A plethora of semiconductors has been synthesized so far, aiming for photocatalysts with high activity under visible light irradiation, either to degrade organic compounds or to generate renewable energy in the form of hydrogen1,2. Bismuth oxyhalides BiOX (X = Cl, Br, or I) are candidates for such applications because of their high photocatalytic efficiency under visible light or simulated sunlight irradiation3,4. The band gap energy (Eg) of bismuth oxyhalides decreases with the increase of the atomic number of the halide; thus, BiOI is the material displaying the lowest activation energy (Eg = 1.8 eV)5. Iodide atoms, bonded via Van der Waals force to bismuth atoms, create an electric field that favors the migration of the charge carriers to the semiconductor surface, triggering the photocatalytic process4,6. Moreover, the architecture of the crystallite has a critical role in the separa,tion of the charge carriers. Highly oriented structures in the (001) plane and 3D structures (such as microspheres) facilitate the charge carrier separation upon irradiation, increasing the photocatalytic performance7,8,9,10,11,12. In light of this, it is necessary to develop reliable synthetic methods to obtain structures that boost the photo-activity of the bismuth oxyhalide materials.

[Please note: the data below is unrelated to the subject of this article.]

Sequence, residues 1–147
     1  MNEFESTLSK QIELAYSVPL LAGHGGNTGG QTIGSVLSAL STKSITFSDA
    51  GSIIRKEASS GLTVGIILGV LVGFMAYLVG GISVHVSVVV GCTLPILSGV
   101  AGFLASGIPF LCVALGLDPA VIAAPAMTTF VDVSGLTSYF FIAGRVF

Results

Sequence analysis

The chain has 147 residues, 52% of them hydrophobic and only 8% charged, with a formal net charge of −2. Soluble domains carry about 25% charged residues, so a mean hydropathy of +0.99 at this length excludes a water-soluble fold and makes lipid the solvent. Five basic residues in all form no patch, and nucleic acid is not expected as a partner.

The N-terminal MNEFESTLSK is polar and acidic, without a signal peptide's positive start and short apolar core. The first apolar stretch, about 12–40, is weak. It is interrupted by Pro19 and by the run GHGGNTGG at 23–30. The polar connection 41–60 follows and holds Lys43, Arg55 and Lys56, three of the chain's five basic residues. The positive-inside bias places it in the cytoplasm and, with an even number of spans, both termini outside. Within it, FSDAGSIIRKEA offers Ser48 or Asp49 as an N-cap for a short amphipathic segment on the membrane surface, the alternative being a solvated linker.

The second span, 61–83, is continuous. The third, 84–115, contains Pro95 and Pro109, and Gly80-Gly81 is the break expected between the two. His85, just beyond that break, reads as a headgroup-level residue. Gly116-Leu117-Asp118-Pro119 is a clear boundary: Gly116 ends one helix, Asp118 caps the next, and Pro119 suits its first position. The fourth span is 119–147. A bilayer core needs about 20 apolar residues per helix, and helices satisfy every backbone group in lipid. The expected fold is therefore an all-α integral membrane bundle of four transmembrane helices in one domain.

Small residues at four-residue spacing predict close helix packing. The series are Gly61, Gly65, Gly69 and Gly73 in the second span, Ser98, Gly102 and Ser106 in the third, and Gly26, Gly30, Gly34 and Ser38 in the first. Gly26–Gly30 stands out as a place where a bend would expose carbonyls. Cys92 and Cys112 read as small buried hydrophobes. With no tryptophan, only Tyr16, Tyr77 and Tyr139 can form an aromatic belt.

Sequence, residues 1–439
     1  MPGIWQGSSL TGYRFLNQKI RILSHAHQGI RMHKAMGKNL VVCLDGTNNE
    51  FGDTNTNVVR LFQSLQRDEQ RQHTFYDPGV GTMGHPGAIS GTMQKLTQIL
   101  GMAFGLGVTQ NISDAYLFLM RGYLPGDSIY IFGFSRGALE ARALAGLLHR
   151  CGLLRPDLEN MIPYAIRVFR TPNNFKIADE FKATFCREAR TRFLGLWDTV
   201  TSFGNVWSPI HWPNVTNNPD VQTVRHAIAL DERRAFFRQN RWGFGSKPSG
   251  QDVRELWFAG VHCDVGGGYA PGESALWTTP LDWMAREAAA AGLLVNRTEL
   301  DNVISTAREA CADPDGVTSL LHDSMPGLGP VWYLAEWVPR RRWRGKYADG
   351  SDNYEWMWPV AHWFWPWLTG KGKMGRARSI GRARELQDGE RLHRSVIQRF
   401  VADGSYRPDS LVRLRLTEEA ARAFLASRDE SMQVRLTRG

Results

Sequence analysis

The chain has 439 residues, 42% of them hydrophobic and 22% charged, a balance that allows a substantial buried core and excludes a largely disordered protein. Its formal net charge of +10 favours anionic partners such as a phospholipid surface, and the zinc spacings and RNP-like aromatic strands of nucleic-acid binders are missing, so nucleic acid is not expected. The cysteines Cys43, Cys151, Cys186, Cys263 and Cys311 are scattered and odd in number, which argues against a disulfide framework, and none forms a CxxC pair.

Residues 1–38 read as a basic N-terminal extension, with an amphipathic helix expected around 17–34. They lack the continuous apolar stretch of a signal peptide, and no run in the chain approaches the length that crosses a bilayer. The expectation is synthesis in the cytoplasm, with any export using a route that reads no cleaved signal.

The solvothermal method is, by far, the most commonly used and studied route to obtain BiOI microspheres13,14,15,16. Some methodologies using ionic liquids have been also reported17, although the expenses associated with these methodologies can be higher. Microsphere structure is usually obtained using organic solvents such as ethylene glycol, which acts as a coordinating agent to form metallic alkoxides, resulting in a gradual self-assembling of [Bi2O2]2+ species18,19. Using the solvothermal route with ethylene glycol facilitates the formation of different morphologies by changing the key parameters in the reaction, such as temperature and reaction time4,18. There is a wide body of literature on synthetic methods to obtain BiOI microspheres, which shows contrasting information to achieve highly photoactive structures. This detailed protocol is aimed at showing a reliable synthetic method to obtain BiOI microspheres highly functional in the photocatalytic degradation of pollutants in water. We intend to help new researchers to successfully obtain this kind of materials, avoiding the most common pitfalls associated with the synthesis process.

Subscription Required. Please recommend JoVE to your librarian.


NOTE: Please read all the material safety data sheets (MSDS) before using the chemical reagents. Follow all the safety protocols by wearing a lab coat and gloves. Wear UV protection safety glasses during the photocatalysis tests. Be aware that nanomaterials may present important hazardous effects compared to their precursors.